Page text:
The Last of the Garden

The November garden is as stark as the rest of the world. The vibrancy of the August palette has given way to browns and grays. A touch of green and ocher and russet remain. It isn’t much, but I’ll take it. A tangle of once-scarlet runner beans is all there is for a final garden painting.

20 thoughts on “The Last of the Garden

  1. I’ll be first. On a day like this, that sure is a pretty sight. I found the beauty a bit limited yesterday, but oh! The green of the mosses. If you look, there is always something. I love this painting.

  2. I really like this, something very poignant about it. I always feel that all natural plant life dies so gracefully, it’s a sort of completion., and you have the seeds of promise for next year. Thank you.

  3. That is just stunning, making it all look soft and interesting . Happy Thanksgiving .

    Regards,

    Claudia Sent from my iPhone

    >

  4. everything you do is lovely and done with loving hands…. the elegance of the soft gold against that grey/blue is stunning…. only you !…I see so many things on my walks here in San Jose I want to gather and send to you…. you inspired me to draw the seed pods of our magnolia trees… looking closely and then the surprise of the med red seeds..all the paper whites are out !…and the very last of the zinnias and the ‘done ones’ looking like dancing calligraphy…..aint life grand?….thank you for the inspriation.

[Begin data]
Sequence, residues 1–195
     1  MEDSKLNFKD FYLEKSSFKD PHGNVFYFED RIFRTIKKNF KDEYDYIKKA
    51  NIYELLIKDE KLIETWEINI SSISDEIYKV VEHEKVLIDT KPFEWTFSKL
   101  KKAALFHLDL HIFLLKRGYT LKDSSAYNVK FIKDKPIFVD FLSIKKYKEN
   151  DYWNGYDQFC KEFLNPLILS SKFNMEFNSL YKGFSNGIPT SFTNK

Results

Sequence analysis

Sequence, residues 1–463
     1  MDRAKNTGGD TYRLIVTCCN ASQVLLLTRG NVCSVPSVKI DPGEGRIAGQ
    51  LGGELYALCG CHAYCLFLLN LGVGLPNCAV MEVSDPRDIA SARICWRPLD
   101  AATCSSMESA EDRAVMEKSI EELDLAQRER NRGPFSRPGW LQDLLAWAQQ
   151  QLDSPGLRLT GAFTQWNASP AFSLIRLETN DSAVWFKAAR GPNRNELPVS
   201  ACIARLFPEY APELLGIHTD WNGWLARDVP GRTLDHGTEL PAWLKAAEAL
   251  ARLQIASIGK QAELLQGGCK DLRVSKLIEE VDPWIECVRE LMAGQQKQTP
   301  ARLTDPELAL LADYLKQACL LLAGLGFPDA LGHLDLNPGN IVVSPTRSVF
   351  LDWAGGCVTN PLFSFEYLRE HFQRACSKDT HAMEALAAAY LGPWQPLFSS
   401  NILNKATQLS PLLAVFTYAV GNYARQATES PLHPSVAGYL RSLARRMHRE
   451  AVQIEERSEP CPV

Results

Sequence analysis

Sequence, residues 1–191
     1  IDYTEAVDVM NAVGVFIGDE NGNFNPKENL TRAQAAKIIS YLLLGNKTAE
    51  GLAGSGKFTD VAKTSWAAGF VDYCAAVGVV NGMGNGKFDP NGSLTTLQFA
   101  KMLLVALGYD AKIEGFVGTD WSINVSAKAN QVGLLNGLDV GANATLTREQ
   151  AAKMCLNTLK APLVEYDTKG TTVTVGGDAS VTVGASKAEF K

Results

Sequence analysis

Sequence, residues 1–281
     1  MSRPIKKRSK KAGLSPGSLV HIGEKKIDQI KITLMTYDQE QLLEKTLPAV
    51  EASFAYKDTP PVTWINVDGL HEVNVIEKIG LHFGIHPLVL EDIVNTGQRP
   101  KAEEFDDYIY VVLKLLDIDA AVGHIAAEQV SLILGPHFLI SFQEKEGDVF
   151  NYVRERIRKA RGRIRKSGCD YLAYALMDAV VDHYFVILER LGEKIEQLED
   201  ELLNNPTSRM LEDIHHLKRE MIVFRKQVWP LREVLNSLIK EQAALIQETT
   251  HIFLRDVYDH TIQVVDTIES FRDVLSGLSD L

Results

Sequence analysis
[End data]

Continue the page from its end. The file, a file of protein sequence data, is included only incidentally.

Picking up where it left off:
• Hi Sandra- How nice to envision what you are seeing close to home! I’m glad you think of sending me things– that makes me smile– and I’m sure I would love those magnolia pods and your other California finds. I’m happy knowing you will draw them yourself!

  5. So beautifully have you captured form and subtle colors of the changing season. You always find inspiration no matter where you look. How many of us overlook this simple forms of grace and rush right past. Thank you for reminding us to seek and we will find.
    How much drawing precedes your watercolor washes?

    • There’s always inspiration out there, but I wish it was a little warmer for drawing it. The only drawing here is what you see outlined in pen. It was only 37-degrees outside, so I didn’t linger. I started with the base drawing and added complexity with the paint. I used very few colors for this Bernadette– mainly cobalt blue, raw sienna, and burnt sienna for a series of wet washes. There’s a bit of sap green, ultramarine, and burnt umber as well.

  6. Delightful, Jean … those of us who live north with short days now are nostalgic for ‘what was’, but we delight in looking forward to Spring and lengthening days. I just completed a photo essay on the color change of my Smoke Bush to the final leaf drop – took from Oct 7 to Nov 24.

    • It’s nice to have a focused project like your Smoke Bush to tune in to seasonal changes. I find that I would prefer to find subjects that capture “now” rather than looking back or forward. It’s hard to do with cold, short days! Still, that’s what motivates me most.

  7. I’m glad to see you love drawing and painting spent vegetation, too! We have so many wonderful things in our yard to observe, leave for wildlife, etc. All the neighbors here in the burbs hire in crews to buzz everything down and haul it off. And no my yard isn’t a total shambles, I tidy up bunches of it here and there. But I’m in no rush…there’s always something wonderful growing …and fading that makes an interesting thing to paint. Things are as beautiful when they fade as when they are full and flush!

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